Gandhinagar, Feb 2: With the online availability of books and journals, libraries across the world are confronted with a critical need for evolution. With this common concern, librarians from across the world are sharing new concepts and ideas to create libraries of the future at Indian Institute of Technology Gandhinagar (IITGN). The librarians are taking part in a three-day International Conference on Changing Landscape of Science & Technology Libraries (CLSTL 2017) that began on Thursday (March 2, 2017).
The conference is taken part by librarians from various countries including US, UK, Canada, France, Japan, Portugal, Singapore, Sri Lanka, Saudi Arabia and others.
A presentation by Neelam Bharti from Marston Science Library at the University of Florida who is taking part at the conference explored the idea of libraries turning into collaborative and creative spaces apart from being repositories of books. Bharti said, “Traditionally, idea generation and knowledge sharing have been the core essence of the libraries and book stacks, and Xerox machines were supporting that philosophy very well until now. In today’s world where book stacks are slowly disappearing into e-links and the xerox machines have been replaced by scanners, libraries are experiencing a paradigm shift from sharing knowledge to supporting knowledge creation. In this changing scenario, libraries are becoming more creative, inventive and inclusive.”
The participants also discussed about new challenges and priorities. Julia Gelfand of University of California Irvine Libraries said, “Research libraries today reflect multiple and complex roles that contribute to collection strengths through sophisticated instructional design and delivery, assessment, asset management, preservation, independent publishing, journal hosting, digitization and maximizing relationships with both users and partners to capitalize on the forthcoming opportunities.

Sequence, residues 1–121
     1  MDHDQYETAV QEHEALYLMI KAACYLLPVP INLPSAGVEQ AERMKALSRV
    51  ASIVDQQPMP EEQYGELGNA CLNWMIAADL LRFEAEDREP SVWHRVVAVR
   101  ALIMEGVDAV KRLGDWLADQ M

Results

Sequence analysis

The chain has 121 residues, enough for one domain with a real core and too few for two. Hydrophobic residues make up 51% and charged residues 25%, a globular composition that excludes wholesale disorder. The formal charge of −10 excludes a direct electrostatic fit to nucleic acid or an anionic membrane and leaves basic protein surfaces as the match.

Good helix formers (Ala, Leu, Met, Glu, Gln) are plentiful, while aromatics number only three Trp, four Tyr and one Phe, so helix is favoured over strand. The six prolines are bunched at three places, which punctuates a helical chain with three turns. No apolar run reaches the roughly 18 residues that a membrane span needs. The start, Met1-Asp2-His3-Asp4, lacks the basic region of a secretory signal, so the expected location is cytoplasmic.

Rick Anderson from University of Utah, USA said, “The landscape of scholarly communication has been in an unprecedented state of flux for twenty years now, and the rate of change and disruption shows no signs of slowing. From the advent of the World Wide Web in the early 1990s to the emergence of the open access movement a decade later and the appearance of SciHub more recently, challenges to the established system are creating both problems and opportunities for us at every turn.”
The conference will also have presentations by Karrie Peterson of MIT Libraries in US on future of science and technology libraries; Aaron Tay of Singapore Management University on technology and trends in academic libraries among others.
Librarian at IITGN, Dr TS Kumbar said, “We are happy to host this unique conference to provide a platform for librarians in the area of science and technology to meet and discuss challenges and opportunities. Apart from the international participants from reputed libraries, we also have representatives from the leading research libraries in India including DRDO, CSIR,DST, IITs, NITs and so on.”